Just outside of Yellowstone National Park's west entrance sits the aptly named town of West Yellowstone. This town survives on tourism to the park with many restaurants, lodging options, souvenir shops, and outfitters ready to guide you on your next adventure. Enter the west entrance of Yellowstone and immediately discover fishing hot spots along the Madison River, hiking along the Riverside Trails, wildlife viewing opportunities for elk and bison, and the Firehole River Drive and swimming area. Of course, if you head further into the park you'll find many more natural attractions worth exploring. In the heart of West Yellowstone, make sure to set some time aside to visit unique sites like the Grizzly and Wolf Discovery Center and the IMAX Theatre, and take yourself on a self-guided historic walking tour of town. Just outside of town, Hebgen Lake and Henry's Lake offer camping, boating, and fishing. In the winter months, the park entrance is open to over-snow vehicles only making West Yellowstone a one-of-a-kind basecamp for exploring the park on snowmobile and snowcoach. The region is a popular snowmobiling destination, but is also known for ice fishing and cross country skiing.
In the summer, West Yellowstone is typically a destination along a Yellowstone National Park road trip. There is a local West Yellowstone Airport (WYS) with some regional flights in the summer. Otherwise, you can fly into one of three regional airports including Idaho Falls (2 hours southwest), Jackson Hole (3.5 hours southeast), or Bozeman (2 hours north). Rent a car or an RV from any of those destinations and start your journey around the park. There is no dedicated park bus system but local tour companies do offer guided tours if you don't feel like driving. Peak travel season is June through August, but anytime between May and September is great for enjoying summer activities. Park roads close in the fall and open to over-snow vehicles from December through March. Winters are often very cold and snowy.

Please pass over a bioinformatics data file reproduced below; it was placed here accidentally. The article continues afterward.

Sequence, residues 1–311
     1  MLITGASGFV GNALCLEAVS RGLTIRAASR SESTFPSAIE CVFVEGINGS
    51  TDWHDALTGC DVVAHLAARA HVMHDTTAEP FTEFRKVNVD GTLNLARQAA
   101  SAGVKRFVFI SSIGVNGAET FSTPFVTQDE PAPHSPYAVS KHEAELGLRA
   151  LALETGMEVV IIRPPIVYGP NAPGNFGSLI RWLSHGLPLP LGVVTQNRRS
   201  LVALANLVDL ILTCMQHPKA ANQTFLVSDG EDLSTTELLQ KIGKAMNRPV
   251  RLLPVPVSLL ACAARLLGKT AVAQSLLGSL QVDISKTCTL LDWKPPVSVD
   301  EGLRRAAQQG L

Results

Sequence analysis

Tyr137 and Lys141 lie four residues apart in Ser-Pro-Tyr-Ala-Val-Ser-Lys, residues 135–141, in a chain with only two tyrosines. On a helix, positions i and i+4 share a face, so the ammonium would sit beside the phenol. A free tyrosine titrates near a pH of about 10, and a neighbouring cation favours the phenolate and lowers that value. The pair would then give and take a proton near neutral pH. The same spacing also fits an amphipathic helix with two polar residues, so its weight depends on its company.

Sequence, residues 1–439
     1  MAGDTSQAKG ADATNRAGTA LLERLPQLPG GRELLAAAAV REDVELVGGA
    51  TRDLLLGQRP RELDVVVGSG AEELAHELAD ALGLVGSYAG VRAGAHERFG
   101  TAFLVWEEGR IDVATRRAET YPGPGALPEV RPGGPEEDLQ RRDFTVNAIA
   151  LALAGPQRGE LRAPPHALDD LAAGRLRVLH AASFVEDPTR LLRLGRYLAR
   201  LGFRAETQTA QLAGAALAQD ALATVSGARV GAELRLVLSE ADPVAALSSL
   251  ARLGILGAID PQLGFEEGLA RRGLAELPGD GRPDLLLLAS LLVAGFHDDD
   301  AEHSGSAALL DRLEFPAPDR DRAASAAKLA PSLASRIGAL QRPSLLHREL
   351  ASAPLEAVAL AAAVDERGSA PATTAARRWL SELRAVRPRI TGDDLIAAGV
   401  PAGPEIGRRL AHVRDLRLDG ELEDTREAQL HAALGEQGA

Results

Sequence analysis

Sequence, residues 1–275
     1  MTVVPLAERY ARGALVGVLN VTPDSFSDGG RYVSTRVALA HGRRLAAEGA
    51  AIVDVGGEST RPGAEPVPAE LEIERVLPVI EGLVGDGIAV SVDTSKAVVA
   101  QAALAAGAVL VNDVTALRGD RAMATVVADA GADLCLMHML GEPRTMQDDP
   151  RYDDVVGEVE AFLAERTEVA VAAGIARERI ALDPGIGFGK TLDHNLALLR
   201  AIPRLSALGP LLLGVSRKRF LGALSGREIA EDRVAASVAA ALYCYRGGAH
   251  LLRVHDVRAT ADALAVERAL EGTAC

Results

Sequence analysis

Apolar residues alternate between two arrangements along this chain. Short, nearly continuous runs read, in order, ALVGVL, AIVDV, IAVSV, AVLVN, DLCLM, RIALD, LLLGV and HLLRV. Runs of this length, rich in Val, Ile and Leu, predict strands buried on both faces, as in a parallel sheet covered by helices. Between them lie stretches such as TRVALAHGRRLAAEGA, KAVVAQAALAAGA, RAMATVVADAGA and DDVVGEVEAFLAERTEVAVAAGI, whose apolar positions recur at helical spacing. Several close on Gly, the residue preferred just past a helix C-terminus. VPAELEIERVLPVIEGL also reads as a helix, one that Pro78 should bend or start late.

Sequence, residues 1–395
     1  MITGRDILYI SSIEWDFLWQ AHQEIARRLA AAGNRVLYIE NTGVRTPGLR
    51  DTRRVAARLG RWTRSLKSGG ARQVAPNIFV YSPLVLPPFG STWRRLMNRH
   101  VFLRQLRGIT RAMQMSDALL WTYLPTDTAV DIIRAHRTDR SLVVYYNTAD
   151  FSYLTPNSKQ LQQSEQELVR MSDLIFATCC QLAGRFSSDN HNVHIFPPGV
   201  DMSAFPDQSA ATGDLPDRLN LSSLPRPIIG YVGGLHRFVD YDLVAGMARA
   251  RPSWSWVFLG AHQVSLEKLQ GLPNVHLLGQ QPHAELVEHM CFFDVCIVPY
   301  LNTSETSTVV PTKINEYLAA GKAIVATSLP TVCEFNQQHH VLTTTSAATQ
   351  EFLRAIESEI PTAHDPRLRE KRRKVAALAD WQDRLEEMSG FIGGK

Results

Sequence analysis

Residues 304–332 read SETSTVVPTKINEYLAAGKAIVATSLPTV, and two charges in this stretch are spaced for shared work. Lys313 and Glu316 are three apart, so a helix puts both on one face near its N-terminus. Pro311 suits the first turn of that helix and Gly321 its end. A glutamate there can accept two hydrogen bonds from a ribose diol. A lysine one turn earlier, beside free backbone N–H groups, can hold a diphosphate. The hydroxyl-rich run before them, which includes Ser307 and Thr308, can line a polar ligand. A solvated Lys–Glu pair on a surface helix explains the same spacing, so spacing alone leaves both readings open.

Things to Do
Yellowstone National Park: The obvious highlight of coming to West Yellowstone is Yellowstone National Park. Summer visitors can enter and explore all the sites of the park on their own while winter visitors must join a snowmobile or snowcoach tour.
Grizzly and Wolf Discovery Center: The wolves and grizzlies that live at the Discovery Center can't live in the wild so the center has created a contained environment that emulates their wild worlds. Open year-round, this attraction is great for all ages.
IMAX Theatre: Watch Yellowstone, The Movie and take in stunning videography of Yellowstone National Park. Or choose from one of many seasonal movie features.
Yellowstone Historic Center: Located in a historic train depot, this museum highlights old trains, stagecoaches, and the history of Yellowstone National Park.
Hebgen Lake: Just north of town, Hebgen Lake is great for camping, boating, or fishing. In the winter, ice fishing is a popular pastime.
Fly Fishing: Flowing through the outskirts of town, the Madison River is a favorite among anglers.
Island Park: Head southwest from West Yellowstone to discover the longest main street in the country. Attractions include horseback riding or hiking in Harriman State Park, floating or feed the fish at Big Springs Historic Site and River Trail, fishing the Henry's Fork, and a scenic drive to Mesa Falls. In the winter, Island Park turns into a snowmobiling Mecca.
Quake Lake: Northwest of town, this lake was formed by a huge land slide. Stop in the visitor center or rent kayaks and paddle through the eerie dead tree tops.